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Ask Dr. Hegland Your Own Question
Dr. Hegland
Dr. Hegland, Dentist
Category: Dental
Satisfied Customers: 159
Experience:  Dentist at Dental Care on Demand
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I was a chewing tobacco user and I went to an oral surgeon

Customer Question

Hi I was a chewing tobacco user and I went to an oral surgeon yesterday to get a consult on my wisdom teeth. He said I have white patches on my skin and that they may be cancerous. I was just doing some research as I am now totally freaked out
JA: Do you have any gum pain? Do you any discomfort in your jaw?
Customer: No. There is no pain
JA: Please give me a bit more information, so the dentist can help you best.
Customer: I don't have any pain.... just white bumps. He told me to quit immediately - which I did. He wants to see if they disappear on their own and if they don't he would do a biopsy
Submitted: 3 months ago.
Category: Dental
Expert:  Dr. Hegland replied 3 months ago.

Do you have any pictures of the white patches that you could provide for a quick look? And what specific information would you like to know about your condition?

Customer: replied 3 months ago.
I don't have pictures... Its is really hard for me to even see them. I guess my question is rooted in anxiety - is this common with tobacco chewers or is this something that is most likely cancer
Customer: replied 3 months ago.
They are white and a little raised on the skin
Expert:  Dr. Hegland replied 3 months ago.

Well tobacco users in general typically have a non-vascularized oral environment from usage of the product. That means that the oral environment, specifically gingival tissues, have less blood flow to them. So when an irritant or injury happens sometimes healing isn't typical compared to non-tobacco users. Anytime a dentist or surgeon sees white or red lesions that we describe as plaques or erosions we want to make sure that the tissue isn't cancerous or even pre-cancerous. There are a lot a lesions that are considered within normal limits or just variations of normal and aren't cancerous. So your surgeon likely wants to do a quick biopsy just to verify that these are simple tissue changes. Until the tissue has been bioposied and evaluated we only can classify the lesions as leukoplakias. If the lesions are significant its best to act early and have them removed. I understand your anxiety, but can reassure you that many people are sent to the oral surgeon for bioposy of unusual tissue lesions, and very few are cancerous.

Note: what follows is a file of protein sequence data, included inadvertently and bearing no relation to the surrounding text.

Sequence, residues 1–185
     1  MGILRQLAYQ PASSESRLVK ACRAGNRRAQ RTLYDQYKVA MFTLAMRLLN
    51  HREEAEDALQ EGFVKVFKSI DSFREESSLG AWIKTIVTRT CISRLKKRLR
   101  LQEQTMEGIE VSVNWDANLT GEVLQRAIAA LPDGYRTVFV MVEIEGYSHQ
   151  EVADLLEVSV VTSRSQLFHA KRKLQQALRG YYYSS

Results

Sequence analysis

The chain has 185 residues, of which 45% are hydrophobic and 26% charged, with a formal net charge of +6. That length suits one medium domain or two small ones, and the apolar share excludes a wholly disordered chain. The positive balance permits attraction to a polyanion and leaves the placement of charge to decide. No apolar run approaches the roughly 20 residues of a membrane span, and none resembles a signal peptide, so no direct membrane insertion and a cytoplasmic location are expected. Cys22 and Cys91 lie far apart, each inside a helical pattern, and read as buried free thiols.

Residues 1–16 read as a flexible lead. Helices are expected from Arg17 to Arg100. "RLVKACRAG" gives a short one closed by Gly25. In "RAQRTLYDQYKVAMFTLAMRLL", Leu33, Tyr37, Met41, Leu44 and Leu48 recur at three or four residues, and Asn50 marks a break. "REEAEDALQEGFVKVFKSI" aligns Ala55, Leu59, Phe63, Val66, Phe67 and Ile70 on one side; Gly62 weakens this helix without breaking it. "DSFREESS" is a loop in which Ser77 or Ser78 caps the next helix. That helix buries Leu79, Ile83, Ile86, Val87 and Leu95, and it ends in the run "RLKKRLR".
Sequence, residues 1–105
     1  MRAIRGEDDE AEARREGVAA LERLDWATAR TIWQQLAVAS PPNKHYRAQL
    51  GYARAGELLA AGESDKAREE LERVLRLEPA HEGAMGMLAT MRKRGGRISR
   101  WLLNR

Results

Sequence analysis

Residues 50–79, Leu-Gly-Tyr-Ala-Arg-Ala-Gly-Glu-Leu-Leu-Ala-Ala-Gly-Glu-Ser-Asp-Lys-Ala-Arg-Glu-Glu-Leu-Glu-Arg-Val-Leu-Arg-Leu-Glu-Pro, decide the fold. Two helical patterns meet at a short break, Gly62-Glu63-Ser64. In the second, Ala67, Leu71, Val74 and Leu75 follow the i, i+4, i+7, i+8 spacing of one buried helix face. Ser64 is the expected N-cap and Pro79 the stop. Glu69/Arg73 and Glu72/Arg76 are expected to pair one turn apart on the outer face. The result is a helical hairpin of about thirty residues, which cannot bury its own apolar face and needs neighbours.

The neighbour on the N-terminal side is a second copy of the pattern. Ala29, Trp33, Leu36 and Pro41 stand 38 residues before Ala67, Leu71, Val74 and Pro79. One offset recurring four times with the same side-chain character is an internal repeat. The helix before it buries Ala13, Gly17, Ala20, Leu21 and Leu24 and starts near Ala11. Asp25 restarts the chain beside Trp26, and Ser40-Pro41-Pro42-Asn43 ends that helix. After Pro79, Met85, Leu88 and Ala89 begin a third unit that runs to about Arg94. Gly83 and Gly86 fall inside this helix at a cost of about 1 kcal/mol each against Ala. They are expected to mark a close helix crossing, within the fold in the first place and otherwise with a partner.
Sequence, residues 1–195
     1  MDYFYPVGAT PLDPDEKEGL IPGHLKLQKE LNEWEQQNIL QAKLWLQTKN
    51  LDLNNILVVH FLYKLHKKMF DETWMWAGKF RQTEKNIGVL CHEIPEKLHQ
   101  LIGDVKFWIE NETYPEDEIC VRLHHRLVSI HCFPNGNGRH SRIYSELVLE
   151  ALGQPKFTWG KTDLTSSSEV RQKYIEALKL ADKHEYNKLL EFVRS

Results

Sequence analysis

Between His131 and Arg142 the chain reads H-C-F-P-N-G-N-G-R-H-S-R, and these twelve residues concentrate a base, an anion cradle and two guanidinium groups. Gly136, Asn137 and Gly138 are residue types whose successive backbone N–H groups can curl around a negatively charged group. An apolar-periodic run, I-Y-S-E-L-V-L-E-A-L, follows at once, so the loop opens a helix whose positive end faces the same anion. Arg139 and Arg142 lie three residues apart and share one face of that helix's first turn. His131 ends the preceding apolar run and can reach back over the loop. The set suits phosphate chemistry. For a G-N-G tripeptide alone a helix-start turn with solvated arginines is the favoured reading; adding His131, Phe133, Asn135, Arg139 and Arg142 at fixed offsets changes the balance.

Customer: replied 3 months ago.
Thanks Dr. Hegland. I appreciate the response. If they are non-cancerous how long should they take to go away given I am not using? I guess I am just trying to understand when I should book a follow up?
Expert:  Dr. Hegland replied 3 months ago.

The timeline I give patients is 10-14 days, if they don't disappear in that time they should be looked at and very likely biopsied. So 2-3 weeks you should follow up, its always better to be safe than sorry! I can also let you know that oral biopsy is super easy, and it heals fast. So don't be afraid of that procedure, its very routine punch style biopsy and will give you clear mind that all is good!

Customer: replied 3 months ago.
Thank-you very much for the information
Expert:  Dr. Hegland replied 3 months ago.

Yes if you need further assistance in 2-3 weeks, simply ask! Again, white and red lesions are concerning, increasing size or lesions with red borders are red flags to us. Raised white lesions could be a pre-cancerous lesion, so please do not wait to have your follow-up in the next couple weeks. Take care

Customer: replied 3 months ago.
thank you... I won't wait
Expert:  Dr. Hegland replied 3 months ago.

You welcome, Dr. Hegland

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